Can a 504 plan help your child be successful at school? Make sure your child is receiving the protection and support they need with a 504.
What Does a 504 Plan Do?
504 plans are put into place to even the playing field and protect kids with disabilities while they are at school. They outline important accommodations to address environmental barriers that may hinder a child’s learning. As outlined by the Rehabilitation Act of 1973, a federal civil rights law, section 504 guarantees that students with disabilities and mental impairment will not be discriminated against and will have equal access to education.
Qualifying for a 504 Plan: Eligibility and Requirements
According to the U.S. Department of Education, Office for Civil Rights (OCR), In order to qualify for a 504, kids must meet specific criteria outlined by their school district. Typically, the criteria includes having a diagnosed or suspected disability that impacts a major life activity in some way. Kids with various conditions, from ADHD to diabetes, may be eligible for a 504 plan. Public schools should have their 504 policies in writing and procedural safeguards outlining rights available to parents. However, not all school districts in the United States are the same. If you move from one school district to another, even in the same state, make sure you communicate with both the sending and receiving school so your child’s 504 does not get lost in the transition.
Initiating a 504 plan
There should also be a designated contact person at your child’s school who can facilitate the 504 process. Typically 504s are initiated by a teacher or counselor, or by parent request. A meeting is then held to discuss classroom data and anything the classroom teacher is doing above and beyond for your child to ensure their success. As a team, everyone at the meeting carefully constructs the 504 plan to include specific accommodations that the student needs on a regular basis.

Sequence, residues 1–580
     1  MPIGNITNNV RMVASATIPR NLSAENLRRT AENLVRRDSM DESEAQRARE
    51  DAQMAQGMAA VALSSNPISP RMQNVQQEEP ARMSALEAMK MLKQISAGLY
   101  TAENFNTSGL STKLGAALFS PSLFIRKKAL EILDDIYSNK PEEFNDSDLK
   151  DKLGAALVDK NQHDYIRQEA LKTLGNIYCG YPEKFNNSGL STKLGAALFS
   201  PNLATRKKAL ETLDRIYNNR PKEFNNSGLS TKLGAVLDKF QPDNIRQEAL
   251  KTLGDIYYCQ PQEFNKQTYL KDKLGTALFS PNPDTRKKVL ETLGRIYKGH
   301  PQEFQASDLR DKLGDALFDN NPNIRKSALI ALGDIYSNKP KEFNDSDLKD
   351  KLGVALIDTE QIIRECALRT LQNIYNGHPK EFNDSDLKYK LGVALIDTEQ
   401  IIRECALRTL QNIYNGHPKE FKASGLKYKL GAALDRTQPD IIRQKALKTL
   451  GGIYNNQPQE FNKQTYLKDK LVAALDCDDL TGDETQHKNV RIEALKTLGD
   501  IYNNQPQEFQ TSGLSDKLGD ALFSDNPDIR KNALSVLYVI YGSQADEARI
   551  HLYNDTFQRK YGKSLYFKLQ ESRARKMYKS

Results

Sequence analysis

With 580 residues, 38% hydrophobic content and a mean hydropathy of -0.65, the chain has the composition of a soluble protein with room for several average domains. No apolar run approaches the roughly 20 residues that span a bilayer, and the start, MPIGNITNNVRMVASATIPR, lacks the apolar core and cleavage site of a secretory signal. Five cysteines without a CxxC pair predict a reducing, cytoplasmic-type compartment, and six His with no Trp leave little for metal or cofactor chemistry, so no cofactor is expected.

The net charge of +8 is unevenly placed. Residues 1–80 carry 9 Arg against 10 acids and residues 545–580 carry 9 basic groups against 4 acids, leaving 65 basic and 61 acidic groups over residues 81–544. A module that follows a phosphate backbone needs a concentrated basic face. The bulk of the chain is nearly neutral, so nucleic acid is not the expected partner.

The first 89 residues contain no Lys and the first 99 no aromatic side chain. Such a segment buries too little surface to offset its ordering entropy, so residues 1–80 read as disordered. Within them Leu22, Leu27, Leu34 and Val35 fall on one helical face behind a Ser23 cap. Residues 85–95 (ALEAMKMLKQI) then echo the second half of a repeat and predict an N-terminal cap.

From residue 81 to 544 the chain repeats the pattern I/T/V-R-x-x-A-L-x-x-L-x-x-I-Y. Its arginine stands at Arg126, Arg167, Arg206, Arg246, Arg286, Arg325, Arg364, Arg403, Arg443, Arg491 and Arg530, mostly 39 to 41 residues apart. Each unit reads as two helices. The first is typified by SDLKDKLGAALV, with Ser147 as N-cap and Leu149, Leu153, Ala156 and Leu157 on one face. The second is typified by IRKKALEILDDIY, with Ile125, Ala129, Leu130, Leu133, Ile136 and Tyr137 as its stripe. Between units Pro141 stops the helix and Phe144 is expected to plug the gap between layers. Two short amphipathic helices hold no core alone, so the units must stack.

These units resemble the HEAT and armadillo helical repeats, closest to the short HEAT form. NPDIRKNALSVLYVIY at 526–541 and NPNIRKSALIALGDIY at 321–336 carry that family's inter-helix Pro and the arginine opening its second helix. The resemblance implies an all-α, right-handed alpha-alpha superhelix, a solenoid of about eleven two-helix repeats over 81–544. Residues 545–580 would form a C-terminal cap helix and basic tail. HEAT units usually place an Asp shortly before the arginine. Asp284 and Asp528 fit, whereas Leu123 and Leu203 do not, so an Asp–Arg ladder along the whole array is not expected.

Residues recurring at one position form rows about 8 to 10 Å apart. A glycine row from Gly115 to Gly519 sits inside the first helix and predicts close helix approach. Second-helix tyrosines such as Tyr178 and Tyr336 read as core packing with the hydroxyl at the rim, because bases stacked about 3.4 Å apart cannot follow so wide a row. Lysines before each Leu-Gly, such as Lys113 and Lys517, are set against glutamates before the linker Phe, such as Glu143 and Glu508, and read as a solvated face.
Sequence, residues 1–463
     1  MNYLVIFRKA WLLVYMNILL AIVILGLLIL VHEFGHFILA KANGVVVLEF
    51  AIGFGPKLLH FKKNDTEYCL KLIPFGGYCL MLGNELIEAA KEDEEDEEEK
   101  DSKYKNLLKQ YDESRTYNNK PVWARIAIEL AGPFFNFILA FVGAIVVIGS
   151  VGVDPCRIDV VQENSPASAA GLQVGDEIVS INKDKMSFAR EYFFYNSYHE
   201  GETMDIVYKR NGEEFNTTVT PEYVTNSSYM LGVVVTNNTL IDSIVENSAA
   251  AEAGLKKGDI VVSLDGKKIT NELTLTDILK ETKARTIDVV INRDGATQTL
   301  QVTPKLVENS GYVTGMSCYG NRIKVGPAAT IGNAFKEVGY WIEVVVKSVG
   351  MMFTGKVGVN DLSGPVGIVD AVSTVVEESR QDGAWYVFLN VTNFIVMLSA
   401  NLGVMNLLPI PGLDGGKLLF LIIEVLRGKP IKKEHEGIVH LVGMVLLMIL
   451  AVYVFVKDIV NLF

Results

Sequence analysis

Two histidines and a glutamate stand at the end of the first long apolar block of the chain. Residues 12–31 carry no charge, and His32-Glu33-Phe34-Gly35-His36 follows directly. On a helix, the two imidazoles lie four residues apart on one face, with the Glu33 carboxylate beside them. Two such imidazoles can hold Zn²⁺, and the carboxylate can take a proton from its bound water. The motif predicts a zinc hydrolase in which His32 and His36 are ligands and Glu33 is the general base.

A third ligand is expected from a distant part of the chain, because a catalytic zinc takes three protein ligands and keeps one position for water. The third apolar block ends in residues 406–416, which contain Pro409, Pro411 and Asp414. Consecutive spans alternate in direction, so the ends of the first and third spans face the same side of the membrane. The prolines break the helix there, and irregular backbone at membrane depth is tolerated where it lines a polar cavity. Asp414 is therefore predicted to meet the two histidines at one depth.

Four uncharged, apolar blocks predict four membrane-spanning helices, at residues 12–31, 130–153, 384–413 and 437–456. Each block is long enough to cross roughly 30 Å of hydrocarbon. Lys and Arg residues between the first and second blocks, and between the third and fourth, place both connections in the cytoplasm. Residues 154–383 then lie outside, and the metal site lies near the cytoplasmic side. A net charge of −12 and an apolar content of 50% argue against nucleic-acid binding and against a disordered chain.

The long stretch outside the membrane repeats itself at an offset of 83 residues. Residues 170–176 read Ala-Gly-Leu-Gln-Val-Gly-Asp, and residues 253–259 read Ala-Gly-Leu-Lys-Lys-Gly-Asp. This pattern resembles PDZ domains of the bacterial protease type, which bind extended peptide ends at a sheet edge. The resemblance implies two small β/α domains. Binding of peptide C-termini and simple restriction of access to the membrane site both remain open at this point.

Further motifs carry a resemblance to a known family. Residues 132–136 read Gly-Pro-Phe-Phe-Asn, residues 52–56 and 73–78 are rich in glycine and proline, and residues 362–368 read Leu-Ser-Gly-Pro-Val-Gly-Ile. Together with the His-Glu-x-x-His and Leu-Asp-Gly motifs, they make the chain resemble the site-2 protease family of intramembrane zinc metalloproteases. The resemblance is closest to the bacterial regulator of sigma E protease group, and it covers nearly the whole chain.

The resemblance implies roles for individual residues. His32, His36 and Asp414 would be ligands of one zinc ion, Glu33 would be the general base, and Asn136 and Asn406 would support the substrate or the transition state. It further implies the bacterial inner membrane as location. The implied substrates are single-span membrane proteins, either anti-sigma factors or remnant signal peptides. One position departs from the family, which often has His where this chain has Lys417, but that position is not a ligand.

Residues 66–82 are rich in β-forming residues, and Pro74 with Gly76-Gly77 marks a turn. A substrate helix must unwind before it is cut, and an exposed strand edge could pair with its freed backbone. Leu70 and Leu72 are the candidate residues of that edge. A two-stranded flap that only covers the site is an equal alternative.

Teachers and counselors may recommend a data collection period to determine what classroom accommodations a student needs. The accommodation plan should address specific challenges your child is having. For example, a student might need extra time for school work, homework assignments and tests, the opportunity to take breaks, or the teacher giving additional prompts and checking for understanding. 504 plans are a regular education initiative, and unlike an Individualized Education Program (IEP) they do not involve additional related services . If your child has special needs that requires a deeper level of support (such as direct interventions or a special education plan), a 504 is not appropriate. Find more examples of accommodations here.
Be transparent with the educator and school team about how your child learns best and what motivates them. Information about your child’s ability, strengths and what has worked well in the past is extremely valuable. As a parent, you are an important member of the 504 team. You can request that specific individuals attend the meeting if you think it would be beneficial. Clarify what each accommodation will look like in different settings at the school, and encourage the team to make the plan as specific as possible to minimize misunderstandings.
Once initiated, 504 plans should be periodically updated as your child’s needs change. Some accommodations might stick while others are added or fall away. Unless dismissed, 504 plans can be used throughout a child’s educational career. Even colleges have offices dedicated to special education services for students with learning disabilities to help students who need accommodations..